Peter Duncan reviews:
Who Says Elephants Can't Dance?
"The last thing IBM needs is a vision" is perhaps the most remembered sound bite from Lou Gerstner as he announced what needed to be done to turn around the decline at IBM in the early 1990's. This phrase, actually a misquoting of his full sentence ("the last thing IBM needs right now is a vision"), grabbed headlines as many wondered how the strategy consultant from McKinsey and Company could say that a vision for IBM was not the starting point of the turn around. But what follows in his book is a road map for turning around any business large or small.
IBM lost over 50% of the revenue from its major product line and was running dangerously short of cash as margins and volume fell in tandem. Initially, what Gerstner recognized is that a long formal vision statement is not what is needed to launch a turn around. In the depth of crisis, identifying and resolving a few key strategic issues is what is critical for stabilizing a company. For Gerstner, there were four immediate strategic issues:
Deciding how to resolve each of these formed the initial outline of a vision for what IBM would become. It took years to actually achieve the resolution to these key questions, but with the critical decisions made, there was no more debate. The answers to these key issues formed the backbone of the vision that would later be developed and ultimately lead to the saving of IBM.
In parallel with resolving the key issues in his first months at IBM, Gerstner grabbed hold of other key problems facing the company — getting the right leadership team, breaking up fiefdoms, aligning compensation with performance and creating a pay-for-performance compensation structure, establishing effective internal communications, and effective external (brand) communications.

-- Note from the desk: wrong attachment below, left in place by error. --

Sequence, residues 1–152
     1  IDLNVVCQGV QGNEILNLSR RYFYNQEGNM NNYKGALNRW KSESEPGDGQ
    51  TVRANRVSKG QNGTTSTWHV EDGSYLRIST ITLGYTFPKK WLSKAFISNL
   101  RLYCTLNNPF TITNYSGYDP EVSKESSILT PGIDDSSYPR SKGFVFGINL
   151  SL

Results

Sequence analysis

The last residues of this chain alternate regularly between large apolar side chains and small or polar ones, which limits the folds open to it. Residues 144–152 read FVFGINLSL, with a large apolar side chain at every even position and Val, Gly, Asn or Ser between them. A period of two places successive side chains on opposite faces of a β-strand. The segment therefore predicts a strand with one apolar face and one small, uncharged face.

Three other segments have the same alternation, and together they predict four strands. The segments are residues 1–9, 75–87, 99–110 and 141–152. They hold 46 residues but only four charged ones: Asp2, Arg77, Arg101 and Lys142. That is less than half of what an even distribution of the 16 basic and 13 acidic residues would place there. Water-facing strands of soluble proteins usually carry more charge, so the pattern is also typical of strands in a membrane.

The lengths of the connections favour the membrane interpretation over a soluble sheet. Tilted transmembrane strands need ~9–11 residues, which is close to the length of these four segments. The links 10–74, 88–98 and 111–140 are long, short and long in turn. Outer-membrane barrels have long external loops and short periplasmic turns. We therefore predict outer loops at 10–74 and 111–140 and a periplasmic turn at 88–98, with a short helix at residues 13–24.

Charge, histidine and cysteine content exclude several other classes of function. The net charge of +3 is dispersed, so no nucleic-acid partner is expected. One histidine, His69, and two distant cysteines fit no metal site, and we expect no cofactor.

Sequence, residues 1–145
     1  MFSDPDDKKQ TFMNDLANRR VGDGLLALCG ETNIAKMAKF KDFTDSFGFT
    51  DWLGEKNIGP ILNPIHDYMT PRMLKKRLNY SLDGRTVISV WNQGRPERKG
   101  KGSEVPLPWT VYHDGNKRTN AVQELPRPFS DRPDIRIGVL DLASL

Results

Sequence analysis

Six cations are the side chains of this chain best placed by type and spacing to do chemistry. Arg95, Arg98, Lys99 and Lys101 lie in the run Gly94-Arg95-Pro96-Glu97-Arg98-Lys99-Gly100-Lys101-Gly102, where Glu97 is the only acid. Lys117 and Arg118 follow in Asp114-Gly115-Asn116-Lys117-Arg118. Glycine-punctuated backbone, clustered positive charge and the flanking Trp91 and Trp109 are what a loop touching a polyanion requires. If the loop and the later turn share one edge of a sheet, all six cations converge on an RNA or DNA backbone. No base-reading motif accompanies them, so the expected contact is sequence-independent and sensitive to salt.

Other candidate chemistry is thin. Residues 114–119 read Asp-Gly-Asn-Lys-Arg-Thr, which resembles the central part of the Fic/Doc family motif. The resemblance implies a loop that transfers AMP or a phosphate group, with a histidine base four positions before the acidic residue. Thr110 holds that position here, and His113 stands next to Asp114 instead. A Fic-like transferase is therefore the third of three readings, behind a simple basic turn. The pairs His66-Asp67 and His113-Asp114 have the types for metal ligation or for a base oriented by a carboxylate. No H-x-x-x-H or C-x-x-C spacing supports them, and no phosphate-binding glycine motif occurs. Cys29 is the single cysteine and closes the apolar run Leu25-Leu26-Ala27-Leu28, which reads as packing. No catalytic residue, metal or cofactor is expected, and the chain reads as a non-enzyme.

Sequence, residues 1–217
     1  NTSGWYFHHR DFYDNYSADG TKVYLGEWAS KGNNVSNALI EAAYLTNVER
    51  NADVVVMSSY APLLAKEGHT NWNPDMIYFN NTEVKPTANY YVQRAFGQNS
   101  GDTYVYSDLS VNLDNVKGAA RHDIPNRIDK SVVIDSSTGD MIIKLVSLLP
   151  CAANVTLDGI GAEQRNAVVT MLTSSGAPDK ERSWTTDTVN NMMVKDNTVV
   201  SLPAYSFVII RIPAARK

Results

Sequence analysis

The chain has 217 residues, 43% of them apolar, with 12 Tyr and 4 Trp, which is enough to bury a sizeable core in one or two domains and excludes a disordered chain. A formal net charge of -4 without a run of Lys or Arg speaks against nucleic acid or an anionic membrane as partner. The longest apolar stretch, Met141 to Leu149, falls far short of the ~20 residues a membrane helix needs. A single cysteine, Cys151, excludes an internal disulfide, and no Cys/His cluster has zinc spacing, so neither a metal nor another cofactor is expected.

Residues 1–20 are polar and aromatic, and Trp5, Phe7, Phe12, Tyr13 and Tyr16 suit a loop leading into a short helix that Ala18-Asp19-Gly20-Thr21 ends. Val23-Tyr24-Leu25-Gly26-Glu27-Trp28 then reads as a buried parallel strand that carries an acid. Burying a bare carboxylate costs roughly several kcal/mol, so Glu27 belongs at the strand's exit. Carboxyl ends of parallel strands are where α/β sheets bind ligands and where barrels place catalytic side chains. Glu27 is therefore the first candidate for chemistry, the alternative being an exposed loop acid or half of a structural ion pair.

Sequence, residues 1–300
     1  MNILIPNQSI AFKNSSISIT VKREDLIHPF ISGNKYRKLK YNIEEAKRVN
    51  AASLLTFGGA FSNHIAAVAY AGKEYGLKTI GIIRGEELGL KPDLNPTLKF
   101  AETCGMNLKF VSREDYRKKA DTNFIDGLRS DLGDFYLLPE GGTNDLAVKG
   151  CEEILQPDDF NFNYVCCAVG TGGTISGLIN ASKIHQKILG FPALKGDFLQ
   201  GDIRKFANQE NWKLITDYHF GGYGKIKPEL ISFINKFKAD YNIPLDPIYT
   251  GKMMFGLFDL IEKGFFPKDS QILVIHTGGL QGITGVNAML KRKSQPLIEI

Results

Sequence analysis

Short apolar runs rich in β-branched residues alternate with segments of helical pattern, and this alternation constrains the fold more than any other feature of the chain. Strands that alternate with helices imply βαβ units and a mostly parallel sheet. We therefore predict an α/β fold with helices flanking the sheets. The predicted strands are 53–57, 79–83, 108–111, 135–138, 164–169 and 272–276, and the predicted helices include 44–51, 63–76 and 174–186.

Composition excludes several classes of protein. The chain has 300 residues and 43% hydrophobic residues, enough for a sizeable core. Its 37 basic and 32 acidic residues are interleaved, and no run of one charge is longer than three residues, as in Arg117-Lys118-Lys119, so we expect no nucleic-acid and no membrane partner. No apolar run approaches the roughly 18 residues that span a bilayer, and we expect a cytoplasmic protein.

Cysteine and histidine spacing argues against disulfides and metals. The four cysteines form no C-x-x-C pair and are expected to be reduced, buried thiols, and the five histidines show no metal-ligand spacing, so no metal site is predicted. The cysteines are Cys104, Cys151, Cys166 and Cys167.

It was only in the second year of the turn around that Gerstner turned his attention to formal strategy. His description of the strategy process parallels much of the Simplified Strategic Planning process. There is the recognition of a coming change in the industry scenario as personal computing was expected to give way to network computing. IBM developed assumptions about what it would take to win. The key insight was seeing that the future value must come from integration of various open standard components in a "solution" rather than selling the proprietary system hardware that had built IBM in the preceding decades. This understanding led managers to develop growth strategies in each of their core business segments (services, software and components) and to recognize that, unlike the "do it all" business model for the mainframe, they would have to focus on segments where they could win.
Strategy is fine, but nothing without the ability to implement the plan. The most interesting chapters of the book deal with how Gerstner was able to revamp the IBM culture to support and implement the chosen strategies. He clearly understood how culture is created in the first place, how it is valuable, how it can become an impediment to change, and how to go about changing it. For those who struggle to implement strategy only to find the organization "snap back" to its old ways, these chapters may provide some ideas of how to achieve the necessary organizational change.
Finally, the "lessons learned" chapter is full of advice that practitioners of Simplified Strategic Planning can take to heart.
More than the story of "what I did at IBM" Gerstner is able to lay out the elements of what it takes to turn around a failing company as he provides insight as to how to tackle the tough jobs of changing culture to get results from strategy.
© Copyright 2017 Center for Simplified Strategic Planning